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Animal-assisted interventions in educational settings: exploring the impact of the ‘Burns By Your Side’ reading with dogs scheme

Helen Lewis Orcid Logo, Odette Nicholas

The future of educational research in Wales

Swansea University Author: Helen Lewis Orcid Logo

Abstract

Poster presentation Research into animal-assisted interventions is a growing field of investigation. This poster reports on a project in which pupils interacted with trained ‘reading dogs’.Relationships with others are fundamental contributors to child and adolescent development. However, studies ar...

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Published in: The future of educational research in Wales
Published: Cardiff, UK BERA: The future of educational research in Wales 2018
Online Access: https://www.bera.ac.uk/wp-content/uploads/2018/08/BERAreadingdogsHLON.pdf?noredirect=1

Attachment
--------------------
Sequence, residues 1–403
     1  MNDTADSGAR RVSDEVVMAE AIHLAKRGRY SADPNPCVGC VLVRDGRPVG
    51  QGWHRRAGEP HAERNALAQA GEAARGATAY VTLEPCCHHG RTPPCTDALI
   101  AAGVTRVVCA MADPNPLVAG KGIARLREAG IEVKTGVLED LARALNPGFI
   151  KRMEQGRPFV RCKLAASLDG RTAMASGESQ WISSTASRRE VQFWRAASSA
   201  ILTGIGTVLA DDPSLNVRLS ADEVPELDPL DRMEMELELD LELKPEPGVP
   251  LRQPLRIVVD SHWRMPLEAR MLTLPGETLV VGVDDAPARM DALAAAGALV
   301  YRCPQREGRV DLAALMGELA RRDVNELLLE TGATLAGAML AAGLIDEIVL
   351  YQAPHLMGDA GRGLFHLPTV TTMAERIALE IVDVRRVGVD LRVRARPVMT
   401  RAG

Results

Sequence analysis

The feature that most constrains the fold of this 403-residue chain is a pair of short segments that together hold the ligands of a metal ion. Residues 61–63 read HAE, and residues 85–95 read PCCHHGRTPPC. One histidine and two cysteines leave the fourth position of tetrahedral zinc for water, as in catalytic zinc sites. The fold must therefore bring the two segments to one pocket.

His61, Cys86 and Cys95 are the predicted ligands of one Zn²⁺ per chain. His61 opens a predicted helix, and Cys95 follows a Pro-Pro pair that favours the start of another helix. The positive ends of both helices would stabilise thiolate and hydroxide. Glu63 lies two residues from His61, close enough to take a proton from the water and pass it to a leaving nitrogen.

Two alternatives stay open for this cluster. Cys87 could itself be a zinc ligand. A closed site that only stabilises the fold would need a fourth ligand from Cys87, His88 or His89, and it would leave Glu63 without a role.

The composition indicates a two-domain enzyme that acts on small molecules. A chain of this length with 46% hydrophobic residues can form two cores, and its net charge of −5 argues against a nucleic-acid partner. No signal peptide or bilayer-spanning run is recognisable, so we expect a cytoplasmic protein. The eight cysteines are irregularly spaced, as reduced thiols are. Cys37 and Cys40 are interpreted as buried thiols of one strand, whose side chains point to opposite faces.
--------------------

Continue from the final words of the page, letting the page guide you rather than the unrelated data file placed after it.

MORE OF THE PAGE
URI: https://cronfa.swan.ac.uk/Record/cronfa50206
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Abstract: Poster presentation Research into animal-assisted interventions is a growing field of investigation. This poster reports on a project in which pupils interacted with trained ‘reading dogs’.Relationships with others are fundamental contributors to child and adolescent development. However, studies are largely limited to those examining relationships and interactions with humans (Purewal et al, 2017).This study explored the impact of interaction between pupils and dogs. All pupils enjoyed the sessions and impacted positively on enjoyment of reading for many pupils. Pupils’ social skills as well as their engagement with reading showed noticeable changes. For example, one school reported that ‘Our two children with a diagnosis of autism are willing to read with the dog, whilst they refuse to read in class. One has moved from being non-communicative to speaking in very simple sentences when with the dog. This is helping her to integrate with other children, and being the special person who reads to the dog has clearly made her feel special’.In early years settings social skills such as turn-taking were seen to improve in the presence of the dog, particularly during structured play activities, and pupils were motivated to write independently .
Keywords: animal assisted education, school dogs. additional learning needs, motivation, engagement
College: College of Arts and Humanities